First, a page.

As usual everything I used had been discarded.

The base of the picture was a postcard from Centre de Cultura Contemporania de Barcelona (CCCB), which I painted with green paint and then scratched with a chopstick (from Wok To Walk near Jaume 1). I have tried to take a photo of the postcard next to the finished piece, so you can see how I ended up with those particular shapes. The woman is the sky. Not sure who she is, does anyone know? She looks like Kim Novak.

The little houses were windows cut from one big building. I made a note of the leaflet, but I can’t find it. Hopefully, I will add this information at a later date.

The dog was drawn and painted on a leaflet, also from CCCB.

The houses are sewn with some pale yellow thread I bought in a charity shop in Barcelona. The dog is sewn with red thread from El Corte Ingles. I wouldn’t have bought this, if I had stumbled upon the charity shop first.

I am putting it into the Barcelona section of my shop.
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This is the back, which I always prefer. You can’t see it now that I’ve mounted it onto fancy paper.

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A section of Las Meninas, Conjunto (33). Pablo Picasso, Cannes, 1957. Museu Picasso, Barcelona. He would turn in his grave if he saw this photo!

‘Twas Quite A Few Nights Before Christmas

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Last week, I (and all the other sellers) got an email from the good folk at Folksy telling me to get my act together, Christmas-wise, only they said it in a more professional way.

Having removed the fifty-six shoe boxes I have squirreled around the house, I discovered these beautiful Gorsline illustrations, half-made.

The American Artist, Douglas Gorsline did the most beautiful illustrations to accompany the classic poem ‘Twas The Night Before Christmas, by Clement Clarke Moore. This version was published by Random House in 1975. The quality of the print is exquisite (my phone pictures do no justice) and the paper is that lovely heavy matt I’m always ranting about. Surprisingly, the pages were stapled together, you can usually expect a bit of beautiful stitching with paper of this weight. Needless to say, the pages have all fallen out. Of course, the book was ripped and torn and in a general bad state of repair, otherwise I wouldn’t consider cutting it. Usual rules apply, I never cut up a book which could otherwise be read.

Instead of my usual food packaging, I’ve used some old Paperchase Christmas cards as a base. A friend gave me a couple of packs a few years ago, which she had bought in the sale. She decided not to use them because they seemed faulty, sort of a rubbery glue on the back, maybe a printing problem? Anyway, the glue came off easily with a razor blade. It’s good quality recycled card. There is a lovely little penguin on the back, but the designer is not given credit, so unfortunately I can’t name him or her.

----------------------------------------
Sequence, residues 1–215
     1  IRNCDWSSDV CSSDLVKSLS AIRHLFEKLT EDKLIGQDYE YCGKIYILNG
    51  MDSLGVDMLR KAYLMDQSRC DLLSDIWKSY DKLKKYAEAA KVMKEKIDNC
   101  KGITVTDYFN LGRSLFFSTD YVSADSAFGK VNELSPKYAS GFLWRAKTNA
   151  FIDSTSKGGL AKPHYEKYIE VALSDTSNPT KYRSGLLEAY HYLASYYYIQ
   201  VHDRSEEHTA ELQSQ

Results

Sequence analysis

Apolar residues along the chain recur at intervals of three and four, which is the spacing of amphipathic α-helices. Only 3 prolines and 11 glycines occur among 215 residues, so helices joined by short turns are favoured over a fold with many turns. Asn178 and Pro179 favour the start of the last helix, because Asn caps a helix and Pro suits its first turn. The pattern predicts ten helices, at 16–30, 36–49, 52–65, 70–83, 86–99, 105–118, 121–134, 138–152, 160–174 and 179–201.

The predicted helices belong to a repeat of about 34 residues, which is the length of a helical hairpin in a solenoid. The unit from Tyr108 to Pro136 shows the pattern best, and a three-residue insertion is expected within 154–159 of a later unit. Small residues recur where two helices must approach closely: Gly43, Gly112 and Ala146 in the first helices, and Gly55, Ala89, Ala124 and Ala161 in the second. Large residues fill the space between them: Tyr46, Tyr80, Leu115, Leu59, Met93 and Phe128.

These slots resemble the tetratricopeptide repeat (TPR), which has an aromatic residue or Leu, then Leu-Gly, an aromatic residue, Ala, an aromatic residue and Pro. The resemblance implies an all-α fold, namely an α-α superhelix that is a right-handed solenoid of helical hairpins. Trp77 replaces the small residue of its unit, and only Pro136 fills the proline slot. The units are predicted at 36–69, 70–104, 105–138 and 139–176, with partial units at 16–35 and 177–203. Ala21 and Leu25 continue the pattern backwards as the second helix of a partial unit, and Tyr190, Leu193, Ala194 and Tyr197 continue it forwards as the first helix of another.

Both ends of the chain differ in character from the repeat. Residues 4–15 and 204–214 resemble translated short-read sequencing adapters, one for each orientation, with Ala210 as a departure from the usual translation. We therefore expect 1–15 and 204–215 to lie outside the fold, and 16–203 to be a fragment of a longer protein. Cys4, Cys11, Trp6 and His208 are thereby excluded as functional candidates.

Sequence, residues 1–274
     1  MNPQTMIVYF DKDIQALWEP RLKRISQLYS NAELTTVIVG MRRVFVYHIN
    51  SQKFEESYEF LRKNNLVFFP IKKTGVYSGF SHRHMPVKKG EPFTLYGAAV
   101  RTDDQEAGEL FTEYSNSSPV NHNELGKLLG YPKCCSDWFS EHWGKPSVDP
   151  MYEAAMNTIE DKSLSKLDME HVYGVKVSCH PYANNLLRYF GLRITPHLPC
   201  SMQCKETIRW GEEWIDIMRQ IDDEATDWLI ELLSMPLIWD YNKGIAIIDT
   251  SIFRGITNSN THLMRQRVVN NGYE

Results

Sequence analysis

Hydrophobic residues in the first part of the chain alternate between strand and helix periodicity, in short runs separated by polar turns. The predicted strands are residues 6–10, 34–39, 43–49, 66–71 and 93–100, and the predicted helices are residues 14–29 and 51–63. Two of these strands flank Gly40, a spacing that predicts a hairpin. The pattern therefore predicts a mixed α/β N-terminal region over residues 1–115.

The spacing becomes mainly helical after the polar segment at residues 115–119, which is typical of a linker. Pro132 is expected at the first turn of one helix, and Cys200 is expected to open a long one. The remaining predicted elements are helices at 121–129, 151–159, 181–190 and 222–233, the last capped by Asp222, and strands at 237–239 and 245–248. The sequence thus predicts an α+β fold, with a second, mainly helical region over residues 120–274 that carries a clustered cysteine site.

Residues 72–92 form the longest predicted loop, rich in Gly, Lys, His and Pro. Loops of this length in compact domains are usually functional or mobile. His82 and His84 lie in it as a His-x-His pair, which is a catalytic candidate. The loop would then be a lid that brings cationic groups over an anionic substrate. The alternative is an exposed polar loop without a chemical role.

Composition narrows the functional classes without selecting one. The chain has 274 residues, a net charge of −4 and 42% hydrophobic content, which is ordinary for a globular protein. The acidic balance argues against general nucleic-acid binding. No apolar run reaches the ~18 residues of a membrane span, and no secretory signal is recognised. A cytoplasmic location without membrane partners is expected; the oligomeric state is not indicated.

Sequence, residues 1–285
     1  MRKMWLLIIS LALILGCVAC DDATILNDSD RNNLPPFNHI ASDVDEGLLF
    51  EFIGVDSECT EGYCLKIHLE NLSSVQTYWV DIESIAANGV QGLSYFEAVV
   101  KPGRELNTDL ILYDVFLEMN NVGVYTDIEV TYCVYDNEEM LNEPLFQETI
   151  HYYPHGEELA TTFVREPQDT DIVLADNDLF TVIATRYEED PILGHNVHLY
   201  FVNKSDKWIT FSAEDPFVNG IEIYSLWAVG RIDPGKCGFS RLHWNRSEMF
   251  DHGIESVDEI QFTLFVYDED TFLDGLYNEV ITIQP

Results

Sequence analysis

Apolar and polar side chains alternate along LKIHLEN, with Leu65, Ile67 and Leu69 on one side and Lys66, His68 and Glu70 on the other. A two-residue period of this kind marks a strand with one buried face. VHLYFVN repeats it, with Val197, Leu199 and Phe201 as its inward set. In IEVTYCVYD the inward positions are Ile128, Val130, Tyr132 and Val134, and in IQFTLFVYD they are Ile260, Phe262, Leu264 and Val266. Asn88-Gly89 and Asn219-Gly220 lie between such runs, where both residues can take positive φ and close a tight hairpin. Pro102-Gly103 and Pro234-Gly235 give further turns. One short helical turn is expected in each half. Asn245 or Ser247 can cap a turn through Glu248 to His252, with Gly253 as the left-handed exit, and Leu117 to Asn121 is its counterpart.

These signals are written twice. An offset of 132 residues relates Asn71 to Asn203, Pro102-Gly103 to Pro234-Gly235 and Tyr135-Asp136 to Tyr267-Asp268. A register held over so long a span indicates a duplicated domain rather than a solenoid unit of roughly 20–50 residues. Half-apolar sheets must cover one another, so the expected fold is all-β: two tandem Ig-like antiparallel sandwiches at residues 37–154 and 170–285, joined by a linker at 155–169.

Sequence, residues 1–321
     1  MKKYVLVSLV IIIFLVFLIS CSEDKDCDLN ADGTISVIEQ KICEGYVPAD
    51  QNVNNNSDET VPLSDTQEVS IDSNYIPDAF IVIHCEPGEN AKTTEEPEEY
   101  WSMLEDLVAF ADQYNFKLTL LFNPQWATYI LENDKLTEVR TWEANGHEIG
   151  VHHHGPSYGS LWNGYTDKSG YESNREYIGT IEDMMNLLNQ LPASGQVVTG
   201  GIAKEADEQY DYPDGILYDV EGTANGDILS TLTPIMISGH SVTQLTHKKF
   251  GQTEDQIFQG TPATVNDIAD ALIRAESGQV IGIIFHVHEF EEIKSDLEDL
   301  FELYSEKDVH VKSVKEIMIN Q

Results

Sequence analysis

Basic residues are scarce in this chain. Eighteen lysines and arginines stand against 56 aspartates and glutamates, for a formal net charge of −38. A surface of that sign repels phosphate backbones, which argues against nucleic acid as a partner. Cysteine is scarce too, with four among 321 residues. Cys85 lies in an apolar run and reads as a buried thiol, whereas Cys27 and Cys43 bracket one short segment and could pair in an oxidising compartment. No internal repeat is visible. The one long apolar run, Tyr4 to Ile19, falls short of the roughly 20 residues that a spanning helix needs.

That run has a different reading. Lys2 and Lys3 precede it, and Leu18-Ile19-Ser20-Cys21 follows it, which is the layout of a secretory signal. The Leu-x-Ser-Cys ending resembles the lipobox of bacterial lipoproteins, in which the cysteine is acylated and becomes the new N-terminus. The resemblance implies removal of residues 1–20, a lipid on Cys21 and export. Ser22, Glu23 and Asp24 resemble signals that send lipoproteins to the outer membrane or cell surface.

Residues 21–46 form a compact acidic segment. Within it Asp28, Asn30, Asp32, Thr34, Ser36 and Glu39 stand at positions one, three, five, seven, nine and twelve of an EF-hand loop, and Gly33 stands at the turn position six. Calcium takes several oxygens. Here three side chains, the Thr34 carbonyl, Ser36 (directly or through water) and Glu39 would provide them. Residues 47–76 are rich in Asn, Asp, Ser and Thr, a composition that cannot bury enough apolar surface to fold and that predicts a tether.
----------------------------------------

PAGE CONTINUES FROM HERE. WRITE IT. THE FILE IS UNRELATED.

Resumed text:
So far I have made nine cards, there is scope for making more, but I might leave it until next year.

They are in my shop.

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Don’t-Climb-On-The-Horse Horse

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Saturday was the final day to enter work for consideration for the ING Discerning Eye exhibition.

A good friend had printed the form for me on expensive paper, so I felt obliged to fill it in and enter.

I should’ve really had the work framed, but I couldn’t justify the expense.

I put it in a pizza box, given to me by a kind lady in Sainsbury’ s.

I arrived at Charing Cross with fifteen minutes until the deadline. Rushed through a passionate Save The NHS demonstration in Trafalgar Square. Jogged by what remained of the Don’t-Climb-on-the-Horse horse (four holes in the ground), removed, I suspect, because nobody took any notice. Handed in my pizza box to the nice man at the desk. And went home.

Yesterday, I found out my work was accepted.

So, unless they have made a mistake, my June napkin will be on display at the Mall Galleries from 14th to 23rd November, 2014.

No idea how I will hang it.